6 Days, 7 Airplanes, 18 Taxis, 4 Hotels, 40 Appointments and 100s of Handshakes and Hugs Later.

In all the years I have been repping, these last two weeks have been some of the most productive.  I traveled to two great events and met with so many of the art producers and creatives that I have gotten to know so well over the years.   While I was busy doing my thing, three  of the photographers in our group attended At Edge’s Face to Face in NYC,  two attended Debra Weiss’s One on One event in LA and three of them ventured out on appointments.

All of those events and appointments together amounted to connecting with well over 200 people.

I have always said that the single most important thing I can do for my photographers is to make a connection.  And, if a photographer isn’t shooting, the single most important thing they can do for themselves is to make a connection. Doing so in this industry goes a long way.  And, having done this for quite some time now, I can say the relationships that have come from these connections – both personal and professional – have indeed been beneficial for everyone in our group.

Even though each event is very different, they all provide a very powerful path to making important connections.   See below for how we made each event work for us.

AT EDGE -FACE TO FACE

For those of you who have never attended an At Edge Face to Face  event, the goal is to connect top level creative talent with leading photographers.  (Link here to learn more)

Each photographer is scheduled for three 15 minute meetings with people they would like to meet.  When I attend the event, I accompany the photographers and help them to present their work.  Attending with them allows both of us the chance to connect one on one with the reviewer.

Our photographers made their own connections- without me.

Well, even though attending with them has worked well in the past, this time I decided to do things a little differently.  I learned a long time ago that if there is an opportunity for a photographer to have a meeting one on one without me, it can be more powerful than if I were present.   I have found that when I am present, the conversation can turns social and the photographer is left without the opportunity to tell their own story.

The fifteen minutes At Edge allows is not a lot of time, so why be a distraction? We decided that this time, I would merely make the introduction, say a quick hello and leave them to their conversation.

Hunter Freeman, Chris Crisman and Kevin Twomey all agreed that it was their time to shine at these meetings and all came back enthusiastic and excited about their new connections.  Connections that were entirely theirs.

Our photographers know that the quick, fifteen minute meeting, is just the beginning of their connection and it is up to them to keep it going.

I have heard photographers question how they can adequately show off their work in just fifteen minutes.  And I have also heard them say that it wasn’t worth the time and money to attend an event if they were only going to meet a few people.  I have always thought this was short sighted because all it takes is one person, one connection or even just one image that makes that next job happen.

Hunter Freeman had a great strategy.  He knew that he only had fifteen minutes and recognized that he was one of many that would be presenting their work that night.  Hunter started off each meeting telling the person that they would end the meeting with three things to remember him by;  Kids with Power Tools, Apple and Dreams.  His reviewers were intrigued and when he got to those particular images he would point them out and remind them that these were the images they were suppose to remember him by.   When the meeting ended each person – on their own – mentioned all three images back to him.  It was a successful connection.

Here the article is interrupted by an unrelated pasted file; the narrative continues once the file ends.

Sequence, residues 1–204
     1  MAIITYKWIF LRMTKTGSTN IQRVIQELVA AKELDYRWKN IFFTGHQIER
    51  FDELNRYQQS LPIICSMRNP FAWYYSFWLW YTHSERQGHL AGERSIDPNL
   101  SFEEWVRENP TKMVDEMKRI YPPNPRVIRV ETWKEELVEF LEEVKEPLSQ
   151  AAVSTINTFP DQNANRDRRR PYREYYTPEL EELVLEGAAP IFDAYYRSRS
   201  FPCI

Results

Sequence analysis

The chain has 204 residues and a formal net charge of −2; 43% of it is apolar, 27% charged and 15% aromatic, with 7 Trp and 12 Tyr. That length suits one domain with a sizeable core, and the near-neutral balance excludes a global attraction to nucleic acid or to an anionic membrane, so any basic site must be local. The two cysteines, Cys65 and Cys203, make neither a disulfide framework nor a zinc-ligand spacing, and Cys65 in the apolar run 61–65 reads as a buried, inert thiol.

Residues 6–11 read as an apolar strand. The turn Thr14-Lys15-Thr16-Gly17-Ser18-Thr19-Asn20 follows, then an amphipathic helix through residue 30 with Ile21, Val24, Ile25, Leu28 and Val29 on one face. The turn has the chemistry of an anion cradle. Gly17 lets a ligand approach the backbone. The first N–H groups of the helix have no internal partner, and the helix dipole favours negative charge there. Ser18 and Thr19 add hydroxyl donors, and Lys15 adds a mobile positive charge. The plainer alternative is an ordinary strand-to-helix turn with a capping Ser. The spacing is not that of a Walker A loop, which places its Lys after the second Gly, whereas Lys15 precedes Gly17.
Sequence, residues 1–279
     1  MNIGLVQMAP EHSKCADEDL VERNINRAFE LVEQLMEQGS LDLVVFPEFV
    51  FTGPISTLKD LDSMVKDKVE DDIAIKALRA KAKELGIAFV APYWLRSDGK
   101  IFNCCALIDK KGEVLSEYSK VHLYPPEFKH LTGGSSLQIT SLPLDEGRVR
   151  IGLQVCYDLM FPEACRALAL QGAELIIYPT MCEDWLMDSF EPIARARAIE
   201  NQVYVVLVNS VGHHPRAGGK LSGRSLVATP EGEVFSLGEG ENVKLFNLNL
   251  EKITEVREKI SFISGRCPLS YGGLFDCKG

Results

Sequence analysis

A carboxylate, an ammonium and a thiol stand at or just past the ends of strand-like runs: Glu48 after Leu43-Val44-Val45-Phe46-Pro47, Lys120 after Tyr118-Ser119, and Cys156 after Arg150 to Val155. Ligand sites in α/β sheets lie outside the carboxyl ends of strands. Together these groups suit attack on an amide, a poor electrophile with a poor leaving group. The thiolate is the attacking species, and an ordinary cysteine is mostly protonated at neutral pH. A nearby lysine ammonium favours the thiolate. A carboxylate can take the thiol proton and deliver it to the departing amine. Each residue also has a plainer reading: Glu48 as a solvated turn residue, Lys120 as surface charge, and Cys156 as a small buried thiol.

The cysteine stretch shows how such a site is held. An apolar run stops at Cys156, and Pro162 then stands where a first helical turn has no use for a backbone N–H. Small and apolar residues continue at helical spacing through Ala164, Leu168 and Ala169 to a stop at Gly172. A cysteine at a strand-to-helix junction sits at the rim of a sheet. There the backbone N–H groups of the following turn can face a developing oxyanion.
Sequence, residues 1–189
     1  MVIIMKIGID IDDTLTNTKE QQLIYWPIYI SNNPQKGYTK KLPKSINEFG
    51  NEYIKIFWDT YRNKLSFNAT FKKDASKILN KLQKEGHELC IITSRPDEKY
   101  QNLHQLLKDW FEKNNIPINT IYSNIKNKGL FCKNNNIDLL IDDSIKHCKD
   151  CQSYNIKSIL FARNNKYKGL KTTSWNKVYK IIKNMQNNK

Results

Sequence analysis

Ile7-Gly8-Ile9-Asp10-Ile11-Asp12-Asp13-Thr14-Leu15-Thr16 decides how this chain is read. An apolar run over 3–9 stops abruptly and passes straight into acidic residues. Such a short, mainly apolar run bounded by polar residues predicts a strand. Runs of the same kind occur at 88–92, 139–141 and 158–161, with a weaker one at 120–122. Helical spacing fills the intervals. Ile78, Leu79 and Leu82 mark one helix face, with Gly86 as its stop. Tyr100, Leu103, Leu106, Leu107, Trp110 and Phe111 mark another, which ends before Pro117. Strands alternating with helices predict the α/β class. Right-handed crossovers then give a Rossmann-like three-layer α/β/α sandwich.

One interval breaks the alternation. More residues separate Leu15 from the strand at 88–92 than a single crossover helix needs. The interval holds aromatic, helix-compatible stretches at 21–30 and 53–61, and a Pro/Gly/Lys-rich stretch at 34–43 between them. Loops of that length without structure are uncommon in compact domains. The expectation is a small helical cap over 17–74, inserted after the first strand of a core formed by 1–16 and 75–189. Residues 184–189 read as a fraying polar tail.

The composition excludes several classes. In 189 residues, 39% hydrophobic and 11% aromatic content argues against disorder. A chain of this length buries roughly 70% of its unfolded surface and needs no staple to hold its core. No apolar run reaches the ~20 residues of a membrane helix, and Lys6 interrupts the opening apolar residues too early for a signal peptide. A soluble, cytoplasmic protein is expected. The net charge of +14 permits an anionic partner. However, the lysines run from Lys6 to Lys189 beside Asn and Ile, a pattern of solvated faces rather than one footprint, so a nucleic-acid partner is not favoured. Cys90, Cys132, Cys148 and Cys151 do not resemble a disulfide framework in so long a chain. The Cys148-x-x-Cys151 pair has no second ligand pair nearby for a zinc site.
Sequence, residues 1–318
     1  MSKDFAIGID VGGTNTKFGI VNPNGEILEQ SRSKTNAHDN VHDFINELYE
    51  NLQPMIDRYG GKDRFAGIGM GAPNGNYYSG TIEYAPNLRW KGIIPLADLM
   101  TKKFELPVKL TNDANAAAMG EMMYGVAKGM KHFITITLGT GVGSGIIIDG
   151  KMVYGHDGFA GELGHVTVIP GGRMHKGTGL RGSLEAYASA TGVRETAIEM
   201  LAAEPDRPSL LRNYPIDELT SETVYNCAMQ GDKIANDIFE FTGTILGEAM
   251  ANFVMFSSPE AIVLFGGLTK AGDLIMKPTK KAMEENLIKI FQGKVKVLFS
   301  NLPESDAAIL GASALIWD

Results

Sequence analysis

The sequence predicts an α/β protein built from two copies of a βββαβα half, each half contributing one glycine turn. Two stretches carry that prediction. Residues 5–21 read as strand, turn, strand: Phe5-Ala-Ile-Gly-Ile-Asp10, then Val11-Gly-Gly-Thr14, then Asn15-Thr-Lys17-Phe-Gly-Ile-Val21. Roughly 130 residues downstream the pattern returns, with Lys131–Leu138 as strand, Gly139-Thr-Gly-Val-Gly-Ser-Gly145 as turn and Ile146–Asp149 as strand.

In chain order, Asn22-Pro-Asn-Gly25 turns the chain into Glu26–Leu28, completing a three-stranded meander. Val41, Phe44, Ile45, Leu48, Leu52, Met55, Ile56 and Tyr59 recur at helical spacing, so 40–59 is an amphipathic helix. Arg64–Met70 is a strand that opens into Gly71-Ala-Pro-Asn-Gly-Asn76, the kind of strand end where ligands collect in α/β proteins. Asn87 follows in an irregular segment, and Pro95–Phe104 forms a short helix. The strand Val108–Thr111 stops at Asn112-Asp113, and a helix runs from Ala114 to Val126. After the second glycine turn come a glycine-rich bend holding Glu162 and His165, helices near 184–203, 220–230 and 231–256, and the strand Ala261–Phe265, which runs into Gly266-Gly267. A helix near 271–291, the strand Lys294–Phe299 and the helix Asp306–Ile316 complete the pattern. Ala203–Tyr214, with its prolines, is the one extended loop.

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In addition to Hunter’s strategy, everyone in the group spent the next few days following up with email and hand written thank you notes and not just to the people on their meeting list, but to everyone at the event.  There were so many flying around I could not keep up.

As we all discussed,  having a reason to connect with someone is half the battle.  At Edge provided so much more than that.

LE BOOK CONNECTIONS LA

At first glance, you may describe a Le Book Connections event as chaotic or even overwhelming.  There are so many exhibitors, countless attendees and too many portfolios, ipads and images on display to count.

If you had never attended before it would be natural to ask, “How can you digest all of what you are seeing so that the event is meaningful?”

Here is how we do it:

•  Create a compelling and colorful environment. 

We make sure our booth is inviting and shows off imagery, not just portfolios. We use a combination of music stands and tables to showcase the work.  Every book is kept open to an image.  People often comment that the booth draws them in every time.

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•  Curate our work so that we can easily show what is the newest.

The question most asked is, “What do you have that is new?” This is an obvious question and helps people digest all the work they are viewing.  We ask each photographer to update their books before the event and also provide us with any special presentations of their latest work.  Since so many people are already familiar with our photographers this is an easy way to get them to take a second look.  This time, Ron Berg’s Kentucky Derby Fashion promo was a big hit and fun for people to flip through.